Arlington, Va. — As another international CES has closed, the Consumer Electronics Association (CEA) is now setting its sights on its next ambitious endeavor, the inaugural CES Asia, taking place May 25-27 in Shanghai, China.
Karen Chupka, CEA’s senior VP, international CES and corporate business strategy, sat down for a Q&A to discuss the event.
How long has CES Asia been in the works?
Years. Conceptually, we have been talking about it for probably five years or more. But in practical terms, it’s been about 2.5 or three years of actual planning. We saw a need that we thought should be filled. We have done some events in Asia, and there are some strong technology events in Korea, Taipei, but not really in mainland China — at least nothing that really focuses on the breadth of consumer technology or emerging tech.
Any concern that a CES Asia could cannibalize International CEs by giving Chinese companies an excuse not to attend?
Not necessarily, and that’s something we learned more and more about as we went along. We have plenty of Chinese companies that exhibit at CES, I want to say around 300 or more, but the thing we learned is that a lot comes into play for a Chinese company to come here. They have to get visas, which is not that easy, and, more importantly, they have to get fights, and fights out of China are limited. We hear that most years those fights book up as early as July or august. So unless a Chinese company plans well in advance, they might not physically be able to attend CES. You can’t just decide to come last-minute because of the physical barriers. We’re looking at CES Asia as a good complementary show to CES.
How did you choose the location?
Well, Shanghai was the best choice for a number of reasons. it is the most market-oriented, business-oriented city in China. Beijing is more government- focused and government-dominated. Most of the major global brands that do business in China have marketing offices, or some physical presence in Shanghai. Plus, Shanghai has an excellent facility in the Shanghai New International Expo Center (SNIEC). It’s adjacent to world-class hotels. it sits right on the Maglev train line. If you fly into Pudong International Airport, you can get to the convention center on the Maglev train in 12 minutes. The convention center also connects to the metro lines. It’s about as central a location as can be found.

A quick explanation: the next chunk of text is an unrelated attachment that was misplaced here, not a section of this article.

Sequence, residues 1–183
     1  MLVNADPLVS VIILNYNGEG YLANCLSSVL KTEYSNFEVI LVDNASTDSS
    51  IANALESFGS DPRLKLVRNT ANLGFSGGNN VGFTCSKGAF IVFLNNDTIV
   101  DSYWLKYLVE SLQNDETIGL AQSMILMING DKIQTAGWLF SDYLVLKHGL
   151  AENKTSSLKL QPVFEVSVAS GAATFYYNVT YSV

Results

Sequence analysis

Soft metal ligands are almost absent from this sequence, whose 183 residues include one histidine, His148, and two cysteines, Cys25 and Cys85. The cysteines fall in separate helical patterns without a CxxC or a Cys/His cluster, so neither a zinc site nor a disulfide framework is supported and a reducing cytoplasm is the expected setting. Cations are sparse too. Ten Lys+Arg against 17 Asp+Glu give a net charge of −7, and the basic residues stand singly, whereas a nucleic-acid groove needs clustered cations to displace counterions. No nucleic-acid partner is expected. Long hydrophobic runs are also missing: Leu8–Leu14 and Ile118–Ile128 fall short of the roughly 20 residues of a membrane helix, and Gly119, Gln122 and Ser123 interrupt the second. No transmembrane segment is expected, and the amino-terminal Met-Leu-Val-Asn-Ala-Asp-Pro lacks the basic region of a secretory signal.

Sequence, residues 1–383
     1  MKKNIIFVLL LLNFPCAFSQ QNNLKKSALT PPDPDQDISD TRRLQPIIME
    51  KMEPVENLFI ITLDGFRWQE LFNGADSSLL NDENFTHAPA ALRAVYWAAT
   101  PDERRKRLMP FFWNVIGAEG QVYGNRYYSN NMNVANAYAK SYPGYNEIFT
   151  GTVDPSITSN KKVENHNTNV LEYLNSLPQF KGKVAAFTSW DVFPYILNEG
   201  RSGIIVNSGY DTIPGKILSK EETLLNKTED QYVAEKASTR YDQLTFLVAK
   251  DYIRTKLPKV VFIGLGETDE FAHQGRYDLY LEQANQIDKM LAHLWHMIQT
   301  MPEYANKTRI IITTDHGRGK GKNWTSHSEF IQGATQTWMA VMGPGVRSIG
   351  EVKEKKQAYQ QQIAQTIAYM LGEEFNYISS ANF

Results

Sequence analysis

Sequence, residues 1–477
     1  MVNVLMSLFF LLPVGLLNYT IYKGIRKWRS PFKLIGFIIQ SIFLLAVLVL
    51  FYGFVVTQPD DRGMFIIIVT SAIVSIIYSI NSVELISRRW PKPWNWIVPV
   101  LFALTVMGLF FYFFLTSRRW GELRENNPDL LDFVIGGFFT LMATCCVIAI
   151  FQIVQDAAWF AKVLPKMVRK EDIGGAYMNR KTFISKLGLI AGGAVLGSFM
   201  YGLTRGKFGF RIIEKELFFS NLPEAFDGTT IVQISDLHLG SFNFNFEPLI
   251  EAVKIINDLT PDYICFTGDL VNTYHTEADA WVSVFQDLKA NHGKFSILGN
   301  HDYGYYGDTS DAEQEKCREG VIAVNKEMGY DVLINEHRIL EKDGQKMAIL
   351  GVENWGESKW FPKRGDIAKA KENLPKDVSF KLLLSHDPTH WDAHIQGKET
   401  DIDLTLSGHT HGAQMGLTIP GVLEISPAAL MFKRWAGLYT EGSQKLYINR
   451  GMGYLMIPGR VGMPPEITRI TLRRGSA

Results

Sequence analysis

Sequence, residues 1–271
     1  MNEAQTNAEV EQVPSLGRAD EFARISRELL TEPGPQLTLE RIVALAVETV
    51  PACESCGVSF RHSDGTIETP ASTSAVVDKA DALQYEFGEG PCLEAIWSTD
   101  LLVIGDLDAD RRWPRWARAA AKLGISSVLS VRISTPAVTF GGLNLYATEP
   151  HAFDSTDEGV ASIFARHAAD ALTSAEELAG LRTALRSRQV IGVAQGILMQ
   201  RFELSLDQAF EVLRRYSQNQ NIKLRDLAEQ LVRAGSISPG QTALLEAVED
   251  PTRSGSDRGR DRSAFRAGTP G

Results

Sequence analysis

Will the show mirror International CES?
In many ways yes, but we intend it to be a much more focused event. We want the focus to really be on emerging technologies: wearables, smart home, 4K video, automotive, digital health ... finished, consumer goods. This is a trend-oriented show. There will be keynotes and dynamic panels like CES. There will definitely be parallels and differences.
How big do you expect it to be?
We’re looking at a target of 300 or so exhibitors and about 15,000 attendees.
Primarily Chinese companies?
Yes, companies from Asia mostly, with a strong handful of American and global brands — Asian companies that want to break into the Western market and Western and global brands that want to make bigger inroads into China.
Will it be trade only?
Mostly industry only, at least on the front end. We will open it up to some consumers on the last day. that’s something many of the Chinese companies requested. They want some consumer exposure too, and they want media coverage that will reach consumers. We will be teaming with local media partners to give away passes, generate some buzz.
How challenging were the logistics of putting on a trade show in Shanghai?
There were plenty of challenges, language being the main one. Every document, every contract, every request has to be translated at some point. We chose a very strong local partner in Intex, which runs several large trade shows in Shanghai, including events for the transportation and music industries. They are very experienced and helped us navigate some of the logistics. We also had to get used to a different style of business locally. Business transactions tend to be more casual in China. Signed contracts are not always a priority. There is more of a kind of “trust us” way of doing business, and we weren’t used to that. More than anything, we wanted to make sure the CEA brand was carried thorough in every aspect, especially customer service. CES exhibitors are used to a very high standard of customer service from us. it was vital that we maintain that type of standard at CES Asia. The Western companies that will be exhibiting know us as trusted partners, and we hope to maintain that standard with the Asian companies as well.
How’s the weather in China in May?
Low to-mid-80s. Pleasant. It is just before the rainy, humid season so we should be OK.